The social and economic turmoil that started with the response to COVID-19 has been widespread in Elkhart County.

What does this mean for our vibrant cities and towns as businesses reopen and we gather again in public spaces? It’s an ongoing process to understand some of the repercussions, on our small businesses, our neighborhoods, and who we are as a community.

There have been success stories as residents and organizations took charge to help care for those in need and to lift up our spirits to keep going.

We think now is the time for Elkhart County to come together to share our insights from a wide diversity of Elkhart County’s residents, leaders and community champions. Vibrant Communities Conversations are the first steps in that process of forming a community-based, resident-driven response, and we want you to be involved!

Two public listening sessions took place in June 2020, and focused sessions also took place with niche groups.

A report on these public input sessions is forthcoming.


  • Cynthia Murphy says:

    I look forward to the robust discussion on ways to keep our community safe!

  • Laura Coyne says:

    Elkhart County is uniquely vulnerable to Covid spread through factory line design. Can we integrate virus prevention in LEAN education? It’s a start! Second, encourage industry transparency in case counts in our hospital and factory settings. There is so much to talk about here… and opportunities.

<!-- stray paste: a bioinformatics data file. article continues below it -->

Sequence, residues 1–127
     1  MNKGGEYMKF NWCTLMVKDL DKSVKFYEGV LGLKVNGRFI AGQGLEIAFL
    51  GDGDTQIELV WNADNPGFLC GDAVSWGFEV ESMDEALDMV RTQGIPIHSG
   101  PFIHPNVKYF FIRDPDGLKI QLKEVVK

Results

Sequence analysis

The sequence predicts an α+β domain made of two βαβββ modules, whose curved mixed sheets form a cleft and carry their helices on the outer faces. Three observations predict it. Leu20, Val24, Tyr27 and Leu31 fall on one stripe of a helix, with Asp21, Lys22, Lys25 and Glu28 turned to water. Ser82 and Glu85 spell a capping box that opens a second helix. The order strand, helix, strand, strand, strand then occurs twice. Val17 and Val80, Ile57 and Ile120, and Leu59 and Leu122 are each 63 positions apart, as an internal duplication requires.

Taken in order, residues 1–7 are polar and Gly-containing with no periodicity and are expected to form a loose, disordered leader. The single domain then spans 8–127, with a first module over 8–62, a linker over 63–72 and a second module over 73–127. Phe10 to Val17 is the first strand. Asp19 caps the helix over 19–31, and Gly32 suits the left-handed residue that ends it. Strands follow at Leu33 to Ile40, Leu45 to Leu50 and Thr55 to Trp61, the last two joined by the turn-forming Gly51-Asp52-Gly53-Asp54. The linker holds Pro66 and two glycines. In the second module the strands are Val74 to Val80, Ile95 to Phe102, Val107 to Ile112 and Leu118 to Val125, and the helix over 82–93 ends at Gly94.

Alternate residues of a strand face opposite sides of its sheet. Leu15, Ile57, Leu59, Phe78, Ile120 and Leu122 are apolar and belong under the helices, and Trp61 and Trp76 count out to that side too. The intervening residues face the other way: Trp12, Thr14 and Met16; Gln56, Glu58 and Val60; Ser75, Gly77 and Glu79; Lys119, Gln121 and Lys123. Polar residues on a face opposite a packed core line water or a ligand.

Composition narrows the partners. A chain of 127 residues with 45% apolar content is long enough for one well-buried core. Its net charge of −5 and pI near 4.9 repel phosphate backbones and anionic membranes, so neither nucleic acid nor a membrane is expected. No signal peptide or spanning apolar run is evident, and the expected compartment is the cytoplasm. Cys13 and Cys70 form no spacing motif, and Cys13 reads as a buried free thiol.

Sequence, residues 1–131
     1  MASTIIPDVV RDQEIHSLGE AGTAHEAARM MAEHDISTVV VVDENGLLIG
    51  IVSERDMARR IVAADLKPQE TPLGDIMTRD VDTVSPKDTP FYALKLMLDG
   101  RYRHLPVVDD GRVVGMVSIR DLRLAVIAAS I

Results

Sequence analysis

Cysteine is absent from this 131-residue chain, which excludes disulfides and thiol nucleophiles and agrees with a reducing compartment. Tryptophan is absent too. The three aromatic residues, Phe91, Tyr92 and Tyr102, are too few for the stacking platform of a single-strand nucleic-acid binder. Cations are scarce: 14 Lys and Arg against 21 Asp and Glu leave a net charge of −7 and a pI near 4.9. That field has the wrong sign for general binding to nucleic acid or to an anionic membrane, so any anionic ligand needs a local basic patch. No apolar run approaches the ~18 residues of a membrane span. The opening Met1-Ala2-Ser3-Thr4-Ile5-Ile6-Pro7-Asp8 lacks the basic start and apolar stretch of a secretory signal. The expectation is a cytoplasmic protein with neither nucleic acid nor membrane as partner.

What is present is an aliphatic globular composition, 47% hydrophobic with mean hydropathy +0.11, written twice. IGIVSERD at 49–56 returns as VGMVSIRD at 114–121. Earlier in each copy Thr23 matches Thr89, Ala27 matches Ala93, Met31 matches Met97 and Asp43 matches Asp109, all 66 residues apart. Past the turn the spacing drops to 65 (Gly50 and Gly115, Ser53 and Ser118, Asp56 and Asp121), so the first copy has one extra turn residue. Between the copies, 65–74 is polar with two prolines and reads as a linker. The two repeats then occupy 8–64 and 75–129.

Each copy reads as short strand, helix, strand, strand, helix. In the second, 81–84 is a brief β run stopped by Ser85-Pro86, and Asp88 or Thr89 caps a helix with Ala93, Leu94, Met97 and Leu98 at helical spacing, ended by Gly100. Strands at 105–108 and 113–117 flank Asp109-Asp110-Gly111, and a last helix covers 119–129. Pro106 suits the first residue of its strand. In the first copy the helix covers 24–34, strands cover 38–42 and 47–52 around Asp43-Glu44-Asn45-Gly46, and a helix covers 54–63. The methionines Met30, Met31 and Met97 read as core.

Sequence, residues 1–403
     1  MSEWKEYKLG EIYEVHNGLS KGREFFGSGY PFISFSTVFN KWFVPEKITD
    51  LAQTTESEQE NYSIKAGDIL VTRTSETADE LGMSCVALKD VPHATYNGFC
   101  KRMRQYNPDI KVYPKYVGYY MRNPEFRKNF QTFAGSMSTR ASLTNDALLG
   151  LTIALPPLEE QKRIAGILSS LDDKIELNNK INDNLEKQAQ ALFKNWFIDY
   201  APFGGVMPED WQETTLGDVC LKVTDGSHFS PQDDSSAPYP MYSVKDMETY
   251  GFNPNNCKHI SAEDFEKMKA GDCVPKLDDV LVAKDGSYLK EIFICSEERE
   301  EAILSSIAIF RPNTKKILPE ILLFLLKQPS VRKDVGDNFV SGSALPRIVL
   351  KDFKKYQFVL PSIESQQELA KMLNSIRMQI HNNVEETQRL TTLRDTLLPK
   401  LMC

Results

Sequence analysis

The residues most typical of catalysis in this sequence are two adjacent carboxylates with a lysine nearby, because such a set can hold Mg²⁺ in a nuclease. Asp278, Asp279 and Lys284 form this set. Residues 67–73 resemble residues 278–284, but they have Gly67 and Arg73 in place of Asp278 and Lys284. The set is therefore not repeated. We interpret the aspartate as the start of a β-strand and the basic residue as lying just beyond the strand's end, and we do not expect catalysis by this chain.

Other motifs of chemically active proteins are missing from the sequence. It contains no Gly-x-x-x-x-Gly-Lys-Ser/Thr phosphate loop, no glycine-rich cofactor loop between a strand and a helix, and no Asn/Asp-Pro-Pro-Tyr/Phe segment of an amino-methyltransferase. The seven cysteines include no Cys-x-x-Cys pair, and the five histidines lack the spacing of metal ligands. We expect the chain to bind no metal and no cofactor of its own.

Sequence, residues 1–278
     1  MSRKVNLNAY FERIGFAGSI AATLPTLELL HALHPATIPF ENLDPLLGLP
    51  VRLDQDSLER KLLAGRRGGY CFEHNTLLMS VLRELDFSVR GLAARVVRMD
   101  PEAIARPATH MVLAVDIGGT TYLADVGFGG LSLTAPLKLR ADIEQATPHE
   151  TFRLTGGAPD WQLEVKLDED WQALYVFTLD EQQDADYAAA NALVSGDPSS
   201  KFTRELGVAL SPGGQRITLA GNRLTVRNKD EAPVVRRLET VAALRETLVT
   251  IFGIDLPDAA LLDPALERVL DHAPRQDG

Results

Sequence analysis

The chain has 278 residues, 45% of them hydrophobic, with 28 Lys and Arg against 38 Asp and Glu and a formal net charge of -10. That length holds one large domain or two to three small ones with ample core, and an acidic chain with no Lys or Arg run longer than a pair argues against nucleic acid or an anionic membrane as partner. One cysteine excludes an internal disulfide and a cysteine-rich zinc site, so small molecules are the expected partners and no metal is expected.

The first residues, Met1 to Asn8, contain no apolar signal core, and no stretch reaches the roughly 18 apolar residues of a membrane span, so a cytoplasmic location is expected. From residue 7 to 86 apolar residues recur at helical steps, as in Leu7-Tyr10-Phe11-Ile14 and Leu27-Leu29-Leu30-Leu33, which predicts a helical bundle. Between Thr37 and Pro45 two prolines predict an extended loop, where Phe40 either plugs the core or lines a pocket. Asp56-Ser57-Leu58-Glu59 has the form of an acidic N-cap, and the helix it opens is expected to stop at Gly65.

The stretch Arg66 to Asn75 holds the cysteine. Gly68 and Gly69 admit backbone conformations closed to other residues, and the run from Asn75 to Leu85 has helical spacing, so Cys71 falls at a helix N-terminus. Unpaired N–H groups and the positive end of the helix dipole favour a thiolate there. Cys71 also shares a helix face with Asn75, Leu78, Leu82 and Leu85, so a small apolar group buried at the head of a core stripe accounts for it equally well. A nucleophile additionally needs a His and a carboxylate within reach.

• Anna Davies says:

    Amusement Park

  • I would like to see a cultural fest of African American/Black cultural food, art, music, talent, religion, literature, traditional Black colleges, Black businesses and Black businesses opportunities festival. There is NOTHING wrong with doing something cultural for Elkhart County residents as a whole, it doesn’t isolate but rather integrates our various cultures and perhaps helps to better understand thru experience and conversation vs. generational stereotypes. There is NO single Black culture in the U.S. Forgetting about February as Black History Month – which is nothing more than a month on the calendar, we should challenge Black people to step up and represent our beliefs and values in terms of our experiences nationally as well as that which has been transmitted generationally. We can’t be afraid to reflect our differences and to own them no matter the views of other races or ethnicities, or even ourselves. As most races and ethnicities Black people are not monolithic. Sometimes we, Black people, exclude other people of color due to our various experiences and the practice of dismissing those who don’t do things our way, as an indictment on their racial identity. We may tend to view ours as more sophisticated or educated due to our own sub-conscious racism.

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